The same could be said for Iowa, where incumbent Republican Sen. Chuck Grassley was thought to be crossways with Hawkeye State voters. Polls showed the Democrat, former lieutenant governor Patty Judge, closing in a few months ago but Grassley now holds a comfortable 10.7 percent lead, according to the RealClearPolitics polling average.

Most of the other seats currently held by Republicans are relatively safe. The party seemingly avoided a potential problem in Florida when incumbent Sen. Marco Rubio, who initially insisted he would not seek re-election coming off a disastrous presidential primary campaign, changed his mind. Rubio maintains a lead of about six points over the challenger, Rep. Patrick Murphy.

But turnabout is fair play. One of the toss-up seats is in Indiana, where Republican Sen. Dan Coats opted against seeking re-election. Regardless, it was generally considered a safe GOP slot in a conservative state, with Rep. Todd Young (R-Ind.) surviving a tough primary fight against fellow Rep. Marlin Stutzman, a Tea Party favorite.

That was until former Democratic governor and senator Evan Bayh, who decided not to seek re-election in 2010, opening the door for Coats, decided he wanted his old seat back. A moderate significantly more conservative than his father, the late former Sen. Birch Bayh, Evan Bayh remains a popular political figure in the Hoosier State and has opened up a 5.5 point lead over Young, according to the RealClearPolitics average, despite the toss-up characterization.

A Bayh victory would, obviously, give Democrats another pick-up, joining Feingold in Wisconsin. And there are other opportunities.

In New Hampshire, which has trended Democrat over the past several elections, incumbent Republican Sen. Kelly Ayotte maintains a razor-thin lead over Democratic challenger Gov. Maggie Hassan. This may be the one to watch on Election Day since Ayotte’s edge is currently only about two points and Clinton leads Trump in the state by nine points, according to a Monmouth University poll released on Sept. 20. With eight percent undecided, it could swing either way, although Ayotte has recently surged.

Another toss-up is in Nevada, where Senate Democratic Leader Harry Reid is retiring after 28 years. Vying for the slot are Republican Rep. Joe Heck and the Democrat, Catherine Cortez Masto, the state’s former attorney general.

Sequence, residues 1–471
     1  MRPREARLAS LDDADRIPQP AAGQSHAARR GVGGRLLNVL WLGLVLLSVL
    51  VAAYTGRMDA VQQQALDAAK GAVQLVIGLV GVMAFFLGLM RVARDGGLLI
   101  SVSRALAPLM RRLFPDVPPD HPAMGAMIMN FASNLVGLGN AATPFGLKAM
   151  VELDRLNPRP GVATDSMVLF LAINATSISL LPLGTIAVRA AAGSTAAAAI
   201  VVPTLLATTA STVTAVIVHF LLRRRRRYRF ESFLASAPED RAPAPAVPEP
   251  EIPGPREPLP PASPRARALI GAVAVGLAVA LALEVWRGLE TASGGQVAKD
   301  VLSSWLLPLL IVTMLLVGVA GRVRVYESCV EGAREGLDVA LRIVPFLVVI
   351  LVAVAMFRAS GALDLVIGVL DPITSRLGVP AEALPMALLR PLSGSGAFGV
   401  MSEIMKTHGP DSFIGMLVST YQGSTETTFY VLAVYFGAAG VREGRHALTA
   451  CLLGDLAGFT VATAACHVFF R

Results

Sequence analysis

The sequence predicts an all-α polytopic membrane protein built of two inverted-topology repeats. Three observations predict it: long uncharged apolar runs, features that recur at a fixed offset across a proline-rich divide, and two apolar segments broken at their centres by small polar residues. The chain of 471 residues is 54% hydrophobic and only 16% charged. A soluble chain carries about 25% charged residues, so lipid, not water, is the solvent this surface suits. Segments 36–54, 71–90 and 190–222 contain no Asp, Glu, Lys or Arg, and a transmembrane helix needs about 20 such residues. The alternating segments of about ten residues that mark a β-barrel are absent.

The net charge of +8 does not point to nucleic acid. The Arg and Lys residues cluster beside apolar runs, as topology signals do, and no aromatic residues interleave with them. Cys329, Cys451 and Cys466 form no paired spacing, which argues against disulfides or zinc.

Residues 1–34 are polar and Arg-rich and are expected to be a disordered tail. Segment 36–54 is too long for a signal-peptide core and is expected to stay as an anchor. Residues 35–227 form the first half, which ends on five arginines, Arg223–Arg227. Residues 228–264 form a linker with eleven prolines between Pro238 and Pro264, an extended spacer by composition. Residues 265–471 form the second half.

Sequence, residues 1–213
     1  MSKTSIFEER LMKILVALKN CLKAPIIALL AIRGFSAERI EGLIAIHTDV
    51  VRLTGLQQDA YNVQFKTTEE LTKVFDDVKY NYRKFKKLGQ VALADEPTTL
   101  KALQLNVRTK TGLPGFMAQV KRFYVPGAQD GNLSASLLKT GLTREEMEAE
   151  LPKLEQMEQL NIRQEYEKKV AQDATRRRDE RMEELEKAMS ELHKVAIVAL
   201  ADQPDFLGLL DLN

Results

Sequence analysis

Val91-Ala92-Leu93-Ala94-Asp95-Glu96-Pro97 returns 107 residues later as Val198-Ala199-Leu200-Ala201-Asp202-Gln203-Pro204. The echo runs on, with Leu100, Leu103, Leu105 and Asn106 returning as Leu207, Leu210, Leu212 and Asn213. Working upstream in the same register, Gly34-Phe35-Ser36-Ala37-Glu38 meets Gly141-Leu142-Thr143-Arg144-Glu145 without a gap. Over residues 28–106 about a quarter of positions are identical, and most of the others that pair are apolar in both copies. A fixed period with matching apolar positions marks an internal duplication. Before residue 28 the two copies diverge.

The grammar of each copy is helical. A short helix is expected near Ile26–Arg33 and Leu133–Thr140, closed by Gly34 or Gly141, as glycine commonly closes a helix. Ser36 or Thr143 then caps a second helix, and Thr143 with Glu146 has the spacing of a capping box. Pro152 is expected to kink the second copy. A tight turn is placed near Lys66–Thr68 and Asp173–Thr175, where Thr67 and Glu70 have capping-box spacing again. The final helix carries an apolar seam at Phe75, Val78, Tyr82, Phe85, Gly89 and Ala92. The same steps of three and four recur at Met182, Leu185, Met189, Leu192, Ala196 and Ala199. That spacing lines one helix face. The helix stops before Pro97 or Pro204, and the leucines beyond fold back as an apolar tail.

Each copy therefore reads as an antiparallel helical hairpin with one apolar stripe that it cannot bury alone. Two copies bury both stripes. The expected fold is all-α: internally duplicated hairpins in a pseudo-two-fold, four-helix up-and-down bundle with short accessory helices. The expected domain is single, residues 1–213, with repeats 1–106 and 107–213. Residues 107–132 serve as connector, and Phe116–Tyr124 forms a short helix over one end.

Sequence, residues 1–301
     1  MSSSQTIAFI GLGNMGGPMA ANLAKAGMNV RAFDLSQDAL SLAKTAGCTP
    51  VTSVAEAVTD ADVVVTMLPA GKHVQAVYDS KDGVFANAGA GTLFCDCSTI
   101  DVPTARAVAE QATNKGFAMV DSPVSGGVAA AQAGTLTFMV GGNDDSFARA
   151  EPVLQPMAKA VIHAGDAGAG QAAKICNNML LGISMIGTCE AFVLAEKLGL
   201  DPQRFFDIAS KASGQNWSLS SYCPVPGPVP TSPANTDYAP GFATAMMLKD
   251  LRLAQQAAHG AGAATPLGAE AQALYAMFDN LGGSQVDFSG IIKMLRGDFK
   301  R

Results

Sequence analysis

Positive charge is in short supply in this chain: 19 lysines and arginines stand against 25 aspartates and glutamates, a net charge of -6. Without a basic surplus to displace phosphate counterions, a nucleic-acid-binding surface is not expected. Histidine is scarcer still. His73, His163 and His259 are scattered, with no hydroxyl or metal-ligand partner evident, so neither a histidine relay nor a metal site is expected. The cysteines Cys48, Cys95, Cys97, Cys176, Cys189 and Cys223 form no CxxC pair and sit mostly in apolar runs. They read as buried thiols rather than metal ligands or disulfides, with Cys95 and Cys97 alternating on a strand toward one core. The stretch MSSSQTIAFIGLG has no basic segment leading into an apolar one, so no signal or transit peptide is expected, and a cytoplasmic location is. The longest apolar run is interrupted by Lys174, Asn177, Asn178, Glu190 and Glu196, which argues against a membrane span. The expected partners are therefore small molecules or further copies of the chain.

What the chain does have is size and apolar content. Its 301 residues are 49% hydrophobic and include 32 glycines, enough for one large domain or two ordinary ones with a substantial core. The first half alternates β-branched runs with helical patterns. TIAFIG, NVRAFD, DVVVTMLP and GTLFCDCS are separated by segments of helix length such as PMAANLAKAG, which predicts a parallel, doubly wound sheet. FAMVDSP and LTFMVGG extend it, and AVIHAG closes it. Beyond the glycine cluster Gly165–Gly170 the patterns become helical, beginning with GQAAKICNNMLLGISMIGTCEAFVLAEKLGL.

Nevada, with a significant Latino population, has been moving more and more toward the Democrats over the past several elections – Obama won the state twice – but Heck, somewhat surprisingly, has managed to maintain a small but steady lead, reaching four points, according to RealClearPolitics.

The outcome in Nevada is significant for several reasons. It represents the only legitimate possibility of Republicans picking up a Democratic Senate seat this year. And there would be some satisfaction in taking the seat out from under Harry Reid – a despised figure in GOP circles.

And then there is Pennsylvania, where Clinton has maintained a strong lead over Trump. There, incumbent Republican Pat Toomey finds himself in a virtual tie at this late date with Democrat Katie McGinty, a former state environmental official who waged an unsuccessful bid for the Democratic gubernatorial nomination two years ago.

Pennsylvania Democrats had hoped to attract a top-tier candidate to oppose Toomey, whose approval rating is in the tank – he garners support from only 32 percent of those surveyed. McGinty finished fourth in the Keystone State gubernatorial primary, so she isn’t exactly a Bill Clinton on the hustings. Right now, according to RealClearPolitics, she holds a less than one percent advantage but Democrats are speaking confidently about a pick-up.

All that said, an Election Day upset or two is always on the table. That would likely adversely affect Republicans since they’re guarding more seats and the top of the ticket isn’t particularly strong, even though Trump stands a puncher’s chance.

One place to watch is North Carolina, where incumbent Republican Richard Burr holds a too-close-for-comfort edge over Democrat Deborah Ross, a former member of the North Carolina House of Representatives.

Outside factors could play a role in North Carolina – racial unrest over the recent shooting by police of an African-American motorist in Charlotte and the growing unpopularity of the state’s Republican governor, Pat McCrory. Some recent polls even show Ross holding a slim lead.

And Republican insiders are expressing a little concern about the Senate race in Missouri, which is a bit curious since Trump holds an estimated eight-point advantage in that conservative state.

Sen. Roy Blunt (R-Mo.) leads his Democratic challenger, Secretary of State Jason Kander, by a mere 3.4 points, according to RealClearPolitics, and the most recent poll in the race, conducted by the Emerson College Polling Society, actually shows Kander ahead by two points.

Kander is running as an outsider in what was supposed to be the year of the outsider, although most incumbents remain secure in their positions. He has taken conservative positions on several issues and is thought to be running a good campaign. Blunt, a member of the Senate Republican leadership, is anything but an outsider.